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Applause Books The National Black Drama Anthology Applause Books Series Written by Various Authors

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1500000114450
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Though New York remains the de facto capital of American theater, much of the most daring and interesting work today is done by regional theaters. This is doubly true of plays by African American authors, who, despite a few notable exceptions (August Wilson, George C. Wolfe), suffer under a commercial apartheid that keeps black plays off Broadway. ...  Click To Read More About This Product

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Gear returned in mint condition. If you're looking for a virtually new instrument in possibly less-than-perfect packaging, this is a great value.
  • Includes 45-Day, No-Hassle Returns
  • Includes full manufacturer's warranty
Gear returned in great condition, with only minor signs of use, such as slight scuffs or pick marks. It looks and plays like new and may be considered an equivalent to display units found in retail stores.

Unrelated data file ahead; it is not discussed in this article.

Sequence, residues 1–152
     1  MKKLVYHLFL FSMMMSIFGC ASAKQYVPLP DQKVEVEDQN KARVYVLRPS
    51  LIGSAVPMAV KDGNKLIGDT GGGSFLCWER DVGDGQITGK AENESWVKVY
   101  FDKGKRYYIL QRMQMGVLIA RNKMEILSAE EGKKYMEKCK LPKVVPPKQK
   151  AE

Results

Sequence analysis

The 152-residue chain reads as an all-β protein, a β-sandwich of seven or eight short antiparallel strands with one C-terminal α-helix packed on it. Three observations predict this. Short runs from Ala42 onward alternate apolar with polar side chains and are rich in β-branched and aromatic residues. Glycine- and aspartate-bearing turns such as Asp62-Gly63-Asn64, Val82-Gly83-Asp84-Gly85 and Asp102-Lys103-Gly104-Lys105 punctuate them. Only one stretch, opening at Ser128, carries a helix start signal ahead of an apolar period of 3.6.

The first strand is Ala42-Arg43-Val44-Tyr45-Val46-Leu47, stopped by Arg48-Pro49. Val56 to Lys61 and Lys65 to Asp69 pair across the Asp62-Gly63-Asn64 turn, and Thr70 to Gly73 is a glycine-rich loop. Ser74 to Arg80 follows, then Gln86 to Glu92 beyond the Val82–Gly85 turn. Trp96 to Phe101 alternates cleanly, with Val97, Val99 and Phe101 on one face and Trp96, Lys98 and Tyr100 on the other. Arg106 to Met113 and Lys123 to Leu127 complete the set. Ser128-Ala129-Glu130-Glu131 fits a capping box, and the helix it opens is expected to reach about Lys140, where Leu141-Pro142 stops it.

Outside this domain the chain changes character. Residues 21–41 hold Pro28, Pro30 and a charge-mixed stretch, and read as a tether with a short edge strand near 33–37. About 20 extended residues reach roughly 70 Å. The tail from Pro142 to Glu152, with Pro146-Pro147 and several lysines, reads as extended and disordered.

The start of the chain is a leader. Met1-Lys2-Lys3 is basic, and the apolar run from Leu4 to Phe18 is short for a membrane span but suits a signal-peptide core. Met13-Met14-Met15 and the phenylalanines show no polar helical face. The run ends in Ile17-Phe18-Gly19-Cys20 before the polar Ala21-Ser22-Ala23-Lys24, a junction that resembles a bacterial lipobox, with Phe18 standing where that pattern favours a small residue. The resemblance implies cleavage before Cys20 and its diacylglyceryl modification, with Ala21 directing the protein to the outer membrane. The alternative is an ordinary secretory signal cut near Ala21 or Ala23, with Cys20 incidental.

• Includes 45-Day, No-Hassle Returns
  • Includes full manufacturer's warranty
Price: $19.99
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Overview

Though New York remains the de facto capital of American theater, much of the most daring and interesting work today is done by regional theaters. This is doubly true of plays by African American authors, who, despite a few notable exceptions (August Wilson, George C. Wolfe), suffer under a commercial apartheid that keeps black plays off Broadway. Of necessity, African American theater artists have to create their own venues from the ground up. This wide-ranging anthology edited by the founder of the New Federal Theater celebrates the work of that company's black-owned, black-run peers by presenting work by 11 dramatists. Among the most interesting are Jeff Stetson's moving The Meeting, which imagines a meeting between Malcolm X and Martin Luther King Jr., and Shauneille Perry's fascinating updating of In Dahomey, the 1903 musical hit that was the first 'all-Black show' on Broadway. - Jack Helbig, Booklist

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